top of page
  • Writer's pictureEli

The Art of Saying No: Assertive Responses to Unwanted Requests

"The difference between successful people and really successful people is that really successful people say no to almost everything." ― Warren Buffett

Assertively saying "no"

In the pursuit of understanding the art of saying no, we journey into a realm where our language, emotions, and brain responses are intricately connected. From our earliest memories, we've associated "Yes" with support and motivation, while "No" often signifies restriction and disapproval. This connection between words and emotions has a profound impact, affecting our daily interactions.

Understanding the Brain's Response

When we encounter the word "No," it can trigger a negative response in our minds. This reaction is associated with a specific part of our brain known as the orbitofrontal cortex (OFC). In contrast, "Yes" tends to evoke faster responses and activates a different area of the OFC associated with positive feelings. Interestingly, this connection between language and emotion can be traced back to our formative years, particularly when we interact with caregivers. Barriers to Saying No
For many adults, saying no is a great challenge, and this difficulty can be rooted in a myriad of psychological and social factors.
1. Childhood Conditioning: From a young age, we're often encouraged to prioritize obedience and respect, which can make self-assertion a challenging endeavour.
2. Fear of Negative Consequences: The fear of potential punishment or negative outcomes further deepens the reluctance to say no.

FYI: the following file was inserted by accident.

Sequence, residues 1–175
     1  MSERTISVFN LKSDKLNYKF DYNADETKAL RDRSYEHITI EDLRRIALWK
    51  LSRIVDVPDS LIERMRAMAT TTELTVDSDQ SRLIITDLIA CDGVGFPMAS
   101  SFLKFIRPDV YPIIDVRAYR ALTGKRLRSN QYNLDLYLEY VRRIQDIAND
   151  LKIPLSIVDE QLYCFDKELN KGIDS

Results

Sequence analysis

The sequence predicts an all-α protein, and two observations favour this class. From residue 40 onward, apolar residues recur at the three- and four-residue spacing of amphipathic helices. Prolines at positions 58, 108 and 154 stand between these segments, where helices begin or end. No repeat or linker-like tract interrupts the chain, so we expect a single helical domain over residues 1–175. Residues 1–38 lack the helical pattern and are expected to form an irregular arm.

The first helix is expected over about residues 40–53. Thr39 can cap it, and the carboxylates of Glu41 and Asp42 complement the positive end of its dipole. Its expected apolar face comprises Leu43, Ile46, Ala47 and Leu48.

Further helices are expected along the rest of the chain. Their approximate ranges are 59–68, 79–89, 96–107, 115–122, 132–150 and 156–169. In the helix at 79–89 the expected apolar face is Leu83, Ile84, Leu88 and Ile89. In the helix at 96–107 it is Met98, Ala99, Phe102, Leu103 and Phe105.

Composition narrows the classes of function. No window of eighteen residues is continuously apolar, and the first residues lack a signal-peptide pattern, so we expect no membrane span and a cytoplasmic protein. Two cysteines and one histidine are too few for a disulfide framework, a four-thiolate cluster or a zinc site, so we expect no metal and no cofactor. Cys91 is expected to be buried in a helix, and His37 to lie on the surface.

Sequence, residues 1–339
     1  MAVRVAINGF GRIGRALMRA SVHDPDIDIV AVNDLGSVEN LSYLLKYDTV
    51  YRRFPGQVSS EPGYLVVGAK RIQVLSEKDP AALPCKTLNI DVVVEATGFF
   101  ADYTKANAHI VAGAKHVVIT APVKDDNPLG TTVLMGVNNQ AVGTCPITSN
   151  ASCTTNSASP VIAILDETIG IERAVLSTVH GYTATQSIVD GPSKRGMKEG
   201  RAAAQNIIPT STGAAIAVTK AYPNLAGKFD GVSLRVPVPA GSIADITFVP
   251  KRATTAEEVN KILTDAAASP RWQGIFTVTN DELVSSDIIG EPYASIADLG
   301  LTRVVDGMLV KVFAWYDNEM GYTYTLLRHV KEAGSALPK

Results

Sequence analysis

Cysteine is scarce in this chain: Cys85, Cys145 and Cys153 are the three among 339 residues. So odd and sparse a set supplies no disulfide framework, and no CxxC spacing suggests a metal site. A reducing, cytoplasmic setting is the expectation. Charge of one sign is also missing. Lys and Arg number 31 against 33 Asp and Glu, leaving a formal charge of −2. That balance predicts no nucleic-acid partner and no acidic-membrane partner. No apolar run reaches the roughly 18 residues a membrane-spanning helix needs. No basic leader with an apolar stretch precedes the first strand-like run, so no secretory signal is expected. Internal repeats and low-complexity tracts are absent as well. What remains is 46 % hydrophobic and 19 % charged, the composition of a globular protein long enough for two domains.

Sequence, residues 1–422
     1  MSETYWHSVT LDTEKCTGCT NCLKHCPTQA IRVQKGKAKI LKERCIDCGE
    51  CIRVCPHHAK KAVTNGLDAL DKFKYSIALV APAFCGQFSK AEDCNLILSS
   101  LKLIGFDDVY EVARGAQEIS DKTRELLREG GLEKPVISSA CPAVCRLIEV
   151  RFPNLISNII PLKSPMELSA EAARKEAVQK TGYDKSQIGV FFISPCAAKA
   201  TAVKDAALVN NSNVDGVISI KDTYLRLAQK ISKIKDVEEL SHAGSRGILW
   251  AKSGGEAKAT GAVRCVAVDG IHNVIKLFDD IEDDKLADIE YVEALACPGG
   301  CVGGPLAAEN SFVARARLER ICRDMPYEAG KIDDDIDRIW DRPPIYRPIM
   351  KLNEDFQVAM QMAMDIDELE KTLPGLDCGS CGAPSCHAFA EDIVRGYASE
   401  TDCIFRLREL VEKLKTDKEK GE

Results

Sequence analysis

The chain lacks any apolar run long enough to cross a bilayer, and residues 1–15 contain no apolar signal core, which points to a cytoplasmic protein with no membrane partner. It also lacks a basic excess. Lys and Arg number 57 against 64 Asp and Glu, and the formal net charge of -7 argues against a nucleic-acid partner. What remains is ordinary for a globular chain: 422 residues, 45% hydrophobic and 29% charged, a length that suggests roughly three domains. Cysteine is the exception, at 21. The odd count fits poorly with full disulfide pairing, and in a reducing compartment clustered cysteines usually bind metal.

3. Seeking Approval: Many of us naturally seek approval and shy away from conflict, making it difficult to say no.
4. Guilt and Self-Worth: The mere thought of saying "no" can evoke feelings of guilt, especially for those who link their self-worth with helping others.
5. Lack of Assertiveness Skills: Some individuals may lack the assertiveness skills necessary to decline gracefully, sometimes resorting to passive responses.
6. Societal Expectations: Societal norms often emphasize accommodation and selflessness, making it challenging to establish personal boundaries.
7. Anxiety and Stress: The mere thought of saying no can be anxiety-inducing for some people. They may fear the repercussions or the emotional toll it may take on them. This anxiety can make it harder to say no even when it's necessary. As a result of this deeply ingrained reluctance to say no, we often develop certain assumptions as adults:
  • Expecting Consideration: We might feel that others should be considerate enough not to make unreasonable requests, leading to resentment. It's essential to recognize that others have the right to ask, and you have the right to say no. Will you exercise this right?

Assertively saying "no"
  • Anticipating Compliance: There's often a fear that, even if we say no, people will still expect us to comply. This concern can be valid, especially if we've consistently accommodated every request. Practicing assertiveness repetitively is key to changing this perception.

  • Seeking Acceptance: We might fear that people only like us because we do everything for them. It's worth considering whether these are the kinds of relationships we truly want.

  • Overcoming Selfishness Guilt: Some of us may believe that prioritizing our needs or asserting ourselves as equals to others is selfish. It's important to acknowledge that you do have the right to say no, attend to your needs, and establish boundaries. This is about being assertive and setting boundaries, not about excessive selfishness.